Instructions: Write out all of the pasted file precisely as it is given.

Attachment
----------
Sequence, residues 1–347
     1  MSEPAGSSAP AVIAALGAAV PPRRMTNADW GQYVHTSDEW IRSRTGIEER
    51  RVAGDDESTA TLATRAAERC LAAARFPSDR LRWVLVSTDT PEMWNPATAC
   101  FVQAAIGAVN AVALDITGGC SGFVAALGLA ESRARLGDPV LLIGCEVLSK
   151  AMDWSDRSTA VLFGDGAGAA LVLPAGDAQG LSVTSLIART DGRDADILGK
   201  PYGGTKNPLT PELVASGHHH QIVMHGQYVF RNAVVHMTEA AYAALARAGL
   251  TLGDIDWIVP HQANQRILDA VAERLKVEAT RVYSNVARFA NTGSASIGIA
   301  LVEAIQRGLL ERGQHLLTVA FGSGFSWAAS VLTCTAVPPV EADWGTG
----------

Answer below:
Sequence, residues 1–347
     1  MSEPAGSSAP AVIAALGAAV PPRRMTNADW GQYVHTSDEW IRSRTGIEER
    51  RVAGDDESTA TLATRAAERC LAAARFPSDR LRWVLVSTDT PEMWNPATAC
   101  FVQAAIGAVN AVALDITGGC SGFVAALGLA ESRARLGDPV LLIGCEVLSK
   151  AMDWSDRSTA VLFGDGAGAA LVLPAGDAQG LSVTSLIART DGRDADILGK
   201  PYGGTKNPLT PELVASGHHH QIVMHGQYVF RNAVVHMTEA AYAALARAGL
   251  TLGDIDWIVP HQANQRILDA VAERLKVEAT RVYSNVARFA NTGSASIGIA
   301  LVEAIQRGLL ERGQHLLTVA FGSGFSWAAS VLTCTAVPPV EADWGTG